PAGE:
Psychologists believe that dopamine is one of the key chemicals released in our brain that results in feelings of infatuation.Infatuation, as defined by the Oxford Dictionary, is an intense but short-lived passion or admiration for someone or something.Paul urges Christians to look carefully at how we walk, not to be unwise, make the best use of our time, and not to be foolish but to understand what God’s will is.He then summarizes this picture of sober-mindedness by exhorting readers: Do not get drunk with wine, for that is debauchery, but be filled with the Spirit.No, his house hadn’t been robbed and his family hadn’t been abducted. Many enter this covenant flippantly and superficially, without considering the responsibility they’re accepting and the promises that they’re making before God and man. We see stories in movies of people getting married drunk at a random chapel in Las Vegas. They’re filled with dopamine — infatuation, so-called love, and lust.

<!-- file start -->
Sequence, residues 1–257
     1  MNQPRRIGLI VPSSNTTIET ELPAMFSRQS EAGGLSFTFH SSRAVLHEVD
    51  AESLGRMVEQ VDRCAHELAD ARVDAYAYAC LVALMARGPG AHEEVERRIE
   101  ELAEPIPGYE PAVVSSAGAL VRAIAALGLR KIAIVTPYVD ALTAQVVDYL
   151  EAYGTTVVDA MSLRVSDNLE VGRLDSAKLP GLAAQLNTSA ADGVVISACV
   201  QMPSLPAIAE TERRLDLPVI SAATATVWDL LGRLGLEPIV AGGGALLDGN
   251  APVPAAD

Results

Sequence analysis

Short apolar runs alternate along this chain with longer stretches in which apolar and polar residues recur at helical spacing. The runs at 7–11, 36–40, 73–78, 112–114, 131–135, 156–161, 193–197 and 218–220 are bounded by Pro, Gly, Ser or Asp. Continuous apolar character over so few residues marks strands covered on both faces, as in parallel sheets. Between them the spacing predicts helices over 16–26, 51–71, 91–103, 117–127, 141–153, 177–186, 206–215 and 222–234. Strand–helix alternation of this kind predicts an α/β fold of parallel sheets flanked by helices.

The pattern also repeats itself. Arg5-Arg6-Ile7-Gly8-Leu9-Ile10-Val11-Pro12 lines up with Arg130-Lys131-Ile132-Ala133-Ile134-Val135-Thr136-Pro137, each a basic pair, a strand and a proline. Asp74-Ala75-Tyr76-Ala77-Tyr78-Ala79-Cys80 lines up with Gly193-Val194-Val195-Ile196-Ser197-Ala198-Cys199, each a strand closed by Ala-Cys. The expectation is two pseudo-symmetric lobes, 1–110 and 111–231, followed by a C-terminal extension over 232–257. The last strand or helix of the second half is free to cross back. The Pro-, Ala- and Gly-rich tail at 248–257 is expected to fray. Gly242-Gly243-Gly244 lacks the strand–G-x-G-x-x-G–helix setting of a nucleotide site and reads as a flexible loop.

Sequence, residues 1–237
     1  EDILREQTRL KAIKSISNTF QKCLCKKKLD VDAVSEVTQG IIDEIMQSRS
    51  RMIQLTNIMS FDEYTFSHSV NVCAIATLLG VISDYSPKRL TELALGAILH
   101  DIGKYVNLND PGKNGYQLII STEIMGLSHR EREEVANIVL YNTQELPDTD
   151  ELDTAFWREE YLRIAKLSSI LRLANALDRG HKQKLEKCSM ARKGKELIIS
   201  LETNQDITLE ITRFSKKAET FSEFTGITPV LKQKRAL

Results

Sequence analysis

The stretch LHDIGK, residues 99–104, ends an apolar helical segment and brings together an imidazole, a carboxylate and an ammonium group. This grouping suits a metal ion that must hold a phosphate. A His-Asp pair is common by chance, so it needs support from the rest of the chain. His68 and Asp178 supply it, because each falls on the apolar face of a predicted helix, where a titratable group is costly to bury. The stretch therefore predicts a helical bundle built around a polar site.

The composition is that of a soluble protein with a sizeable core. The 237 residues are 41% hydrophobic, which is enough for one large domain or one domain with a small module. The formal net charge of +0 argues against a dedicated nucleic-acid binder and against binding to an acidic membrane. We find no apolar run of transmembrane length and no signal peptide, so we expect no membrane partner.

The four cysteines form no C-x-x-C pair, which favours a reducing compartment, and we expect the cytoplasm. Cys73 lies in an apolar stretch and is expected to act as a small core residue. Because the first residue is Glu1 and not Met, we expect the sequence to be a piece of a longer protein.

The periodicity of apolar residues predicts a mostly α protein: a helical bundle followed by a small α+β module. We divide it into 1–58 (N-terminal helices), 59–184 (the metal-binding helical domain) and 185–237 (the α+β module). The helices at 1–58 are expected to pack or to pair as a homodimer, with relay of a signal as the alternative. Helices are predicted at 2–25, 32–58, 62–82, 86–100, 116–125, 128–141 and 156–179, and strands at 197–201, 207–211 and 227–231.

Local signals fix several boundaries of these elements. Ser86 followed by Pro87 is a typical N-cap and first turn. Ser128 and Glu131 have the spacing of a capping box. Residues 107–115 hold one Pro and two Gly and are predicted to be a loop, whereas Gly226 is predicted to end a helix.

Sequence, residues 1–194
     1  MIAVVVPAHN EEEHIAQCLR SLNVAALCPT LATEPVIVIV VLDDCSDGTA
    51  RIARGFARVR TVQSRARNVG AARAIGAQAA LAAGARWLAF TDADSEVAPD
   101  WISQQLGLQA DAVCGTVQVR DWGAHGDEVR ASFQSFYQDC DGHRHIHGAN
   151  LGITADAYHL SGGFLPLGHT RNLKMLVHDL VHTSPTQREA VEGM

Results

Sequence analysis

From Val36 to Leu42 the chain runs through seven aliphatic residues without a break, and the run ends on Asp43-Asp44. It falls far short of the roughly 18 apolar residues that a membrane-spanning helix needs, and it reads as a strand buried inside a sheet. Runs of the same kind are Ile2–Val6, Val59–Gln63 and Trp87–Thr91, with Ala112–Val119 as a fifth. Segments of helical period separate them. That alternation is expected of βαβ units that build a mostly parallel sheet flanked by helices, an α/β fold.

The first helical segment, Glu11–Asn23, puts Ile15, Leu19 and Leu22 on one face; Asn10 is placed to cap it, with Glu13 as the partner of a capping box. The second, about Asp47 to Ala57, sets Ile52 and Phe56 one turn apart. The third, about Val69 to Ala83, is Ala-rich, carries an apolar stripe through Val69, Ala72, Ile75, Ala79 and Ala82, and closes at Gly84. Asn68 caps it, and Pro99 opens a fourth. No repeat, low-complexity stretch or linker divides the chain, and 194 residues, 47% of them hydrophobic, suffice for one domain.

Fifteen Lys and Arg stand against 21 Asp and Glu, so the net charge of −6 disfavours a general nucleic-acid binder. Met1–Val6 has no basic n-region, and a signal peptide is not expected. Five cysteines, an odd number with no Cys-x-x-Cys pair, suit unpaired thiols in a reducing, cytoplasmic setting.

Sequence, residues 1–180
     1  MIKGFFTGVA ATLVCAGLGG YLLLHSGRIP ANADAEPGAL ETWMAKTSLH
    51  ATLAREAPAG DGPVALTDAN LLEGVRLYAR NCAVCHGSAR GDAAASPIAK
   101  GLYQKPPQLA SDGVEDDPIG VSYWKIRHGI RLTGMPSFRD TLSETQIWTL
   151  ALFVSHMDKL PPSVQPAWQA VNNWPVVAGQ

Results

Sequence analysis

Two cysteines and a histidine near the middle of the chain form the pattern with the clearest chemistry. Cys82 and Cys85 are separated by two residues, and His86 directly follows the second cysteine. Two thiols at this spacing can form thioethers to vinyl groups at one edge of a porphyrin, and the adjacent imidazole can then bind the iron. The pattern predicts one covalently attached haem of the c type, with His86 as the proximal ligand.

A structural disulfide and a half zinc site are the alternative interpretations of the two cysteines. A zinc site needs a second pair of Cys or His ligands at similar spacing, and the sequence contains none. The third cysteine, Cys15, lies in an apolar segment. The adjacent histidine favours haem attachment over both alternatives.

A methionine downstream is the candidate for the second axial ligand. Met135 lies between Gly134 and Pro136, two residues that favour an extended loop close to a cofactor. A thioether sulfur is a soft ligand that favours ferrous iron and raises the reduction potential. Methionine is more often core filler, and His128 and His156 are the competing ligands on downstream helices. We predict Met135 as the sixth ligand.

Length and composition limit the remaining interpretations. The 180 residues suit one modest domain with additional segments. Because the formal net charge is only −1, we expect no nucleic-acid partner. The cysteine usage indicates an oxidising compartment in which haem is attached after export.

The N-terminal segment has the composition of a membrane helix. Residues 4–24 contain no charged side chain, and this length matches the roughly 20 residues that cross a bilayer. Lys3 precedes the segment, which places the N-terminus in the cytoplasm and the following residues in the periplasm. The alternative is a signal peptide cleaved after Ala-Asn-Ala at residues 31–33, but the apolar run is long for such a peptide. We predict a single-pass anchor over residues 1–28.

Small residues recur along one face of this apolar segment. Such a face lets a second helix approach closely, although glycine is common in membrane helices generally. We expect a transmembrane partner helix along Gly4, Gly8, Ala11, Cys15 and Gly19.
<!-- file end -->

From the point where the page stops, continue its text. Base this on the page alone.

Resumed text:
He had come home from work to discover an empty house and an absent wife and child. But anytime I hear stories of divorce and abandonment, I can’t help but think about the serious and weighty call of marriage and how lightly we too often take it.
He commands Timothy and Titus to require that elders be sober-minded as well (1 Timothy 3:2; Titus 2:2).
Peter encourages Christians to be self-controlled and sober-minded for the sake of their prayers (1 Peter 4:7).
Their destiny is similar to those who tarry long over wine.
Their lives will be full of sorrow, strife, complaining, and hurt unless they repent (Proverbs –35).
Marriage should be entered by a man and woman with a sober mind and heart, who can take seriously the vows they’re making before God and others.